Selling tourism products through the opaque channels - Malgorzata Ogonowska

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ENTER 2012 Conference, Helsingborg, Sweden

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Selling tourism products through the opaque channels - Malgorzata Ogonowska

  1. 1. Selling Tourism Products through the Opaque Channels Malgorzata OGONOWSKA ENTER 2012 Research Track Slide Number 1 Malgorzata OGONOWSKA GREDEG-CNRS Université de Nice-Sophia Antipolis, France
  2. 2. Introduction 2 types of selling mechanisms for e-tourism products: • Traditional transparent selling (OTA, Tour Operators, airline’s and hotel’s websites etc.) ENTER 2012 Research Track Slide Number 2 airline’s and hotel’s websites etc.) • Opaque selling mechanisms: – NYOP type – Posted-price “ Hotwire ” system
  3. 3. Opaque Selling • OTAs specialized in selling remaining tickets; • Serve very price-sensitive demand; • goals: market segmentation, reduce the competition & increase profits ENTER 2012 Research Track Slide Number 3 increase profits • key information – revealed after the payment key info: – exact departure & arrival times, trip’s length, airline’s identity, number of stops (for airline tickets); – hotel’s brand, its’ exact location (for hotels) • advantage: preserves brand’s image
  4. 4. • Posted – price opaque mechanism ex. Hotwire.com – works like traditional OTA’s, but key information is revealed after the payment 2 intermediaries – 2 strategies ENTER 2012 Research Track Slide Number 4 the payment • Name Your Own Price ex. Priceline.com – Passenger fills in the travel request form and then gives the price they want to pay for the service; – Priceline answers within 15 min; – no possibility of rebidding.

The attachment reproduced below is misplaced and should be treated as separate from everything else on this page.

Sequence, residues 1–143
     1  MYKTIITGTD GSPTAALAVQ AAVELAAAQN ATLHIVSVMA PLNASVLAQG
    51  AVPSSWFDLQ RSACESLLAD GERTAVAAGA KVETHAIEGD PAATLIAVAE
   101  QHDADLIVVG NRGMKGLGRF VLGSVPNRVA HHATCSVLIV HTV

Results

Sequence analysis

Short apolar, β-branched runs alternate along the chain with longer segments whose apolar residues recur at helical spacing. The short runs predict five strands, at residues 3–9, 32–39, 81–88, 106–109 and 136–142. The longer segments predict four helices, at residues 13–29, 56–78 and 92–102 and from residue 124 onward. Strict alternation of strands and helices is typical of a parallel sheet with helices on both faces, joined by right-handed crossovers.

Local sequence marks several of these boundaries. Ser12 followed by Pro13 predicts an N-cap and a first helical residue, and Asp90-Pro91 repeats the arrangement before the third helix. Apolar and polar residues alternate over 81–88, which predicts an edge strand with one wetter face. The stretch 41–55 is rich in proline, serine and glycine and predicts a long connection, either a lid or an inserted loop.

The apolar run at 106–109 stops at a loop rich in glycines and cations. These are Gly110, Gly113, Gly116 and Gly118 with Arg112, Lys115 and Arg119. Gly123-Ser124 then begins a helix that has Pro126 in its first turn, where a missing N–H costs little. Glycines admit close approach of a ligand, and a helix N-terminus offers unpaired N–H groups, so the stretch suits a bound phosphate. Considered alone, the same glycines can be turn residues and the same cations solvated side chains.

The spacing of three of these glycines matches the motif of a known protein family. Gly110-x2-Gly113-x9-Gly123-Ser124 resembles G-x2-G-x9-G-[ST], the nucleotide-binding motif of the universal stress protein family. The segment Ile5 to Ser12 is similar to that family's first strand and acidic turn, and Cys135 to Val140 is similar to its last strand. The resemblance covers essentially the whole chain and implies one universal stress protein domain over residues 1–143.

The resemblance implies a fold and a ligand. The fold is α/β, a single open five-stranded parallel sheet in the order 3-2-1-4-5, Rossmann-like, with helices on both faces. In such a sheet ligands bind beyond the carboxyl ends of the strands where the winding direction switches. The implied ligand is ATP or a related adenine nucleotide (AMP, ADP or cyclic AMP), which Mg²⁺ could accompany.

5. 5. Issue Main issue: Since many variants of Opaque systems exist, is ENTER 2012 Research Track Slide Number 5 Since many variants of Opaque systems exist, is there an advantage for an online intermediary to use simultaneously more than one alternative opaque distribution channel?
  6. 6. Literature Review: Name-Your-Own-Price (1/2) • Profitability of NYOP channel – Wilson and Zhang (2008) – how to encourage consumers to bid maximum; – Shapiro and Zillante (2009); ENTER 2012 Research Track Slide Number 6 – Wang, Gal-Or, Chatterjee (2005); – Hann and Terwiesch (2003) - double source of profits for the NYOP retailer • Frictional costs help to segment the market – Hann and Terwiesch (2003), – Fay (2008)
  7. 7. Literature Review: Name-Your-Own-Price (2/2) • Repeated bidding – Fay (2008) – not profitable in the case of duopoly; – Spann, Skiera and Schäfers (2004) – increases firm’s profits; – Fay (2003) – partial repeat-bidding deteriorates firm’s profits, ENTER 2012 Research Track Slide Number 7 – Fay (2003) – partial repeat-bidding deteriorates firm’s profits, while allowing repeated bidding doesn’t affect them; – Terwiesch, Savin and Hann (2005) – online haggling process. • Most papers omit the question of product’s opacity except: – Wang, Gal-Or, Chatterjee (2005) – moderate opacity levels benefit the seller by segmenting the market; – Shapiro, Zillante (2007) – detrimental for the consumers, but neutral for the seller if not too low threshold values.
  8. 8. Literature review: opaque posted-price selling (1/2) • Opaque selling’s impact on firm’s profits and overall welfare by enabling price sensitive consumers to travel – the results depend on the degree of homogeneity of demand. (Jiang (2007)) ENTER 2012 Research Track Slide Number 8 (Jiang (2007)) • Decreases price competition and allows price discrimination. – Grandos, Gupta, Kauffman (2008) – Shi, Shapiro (2008)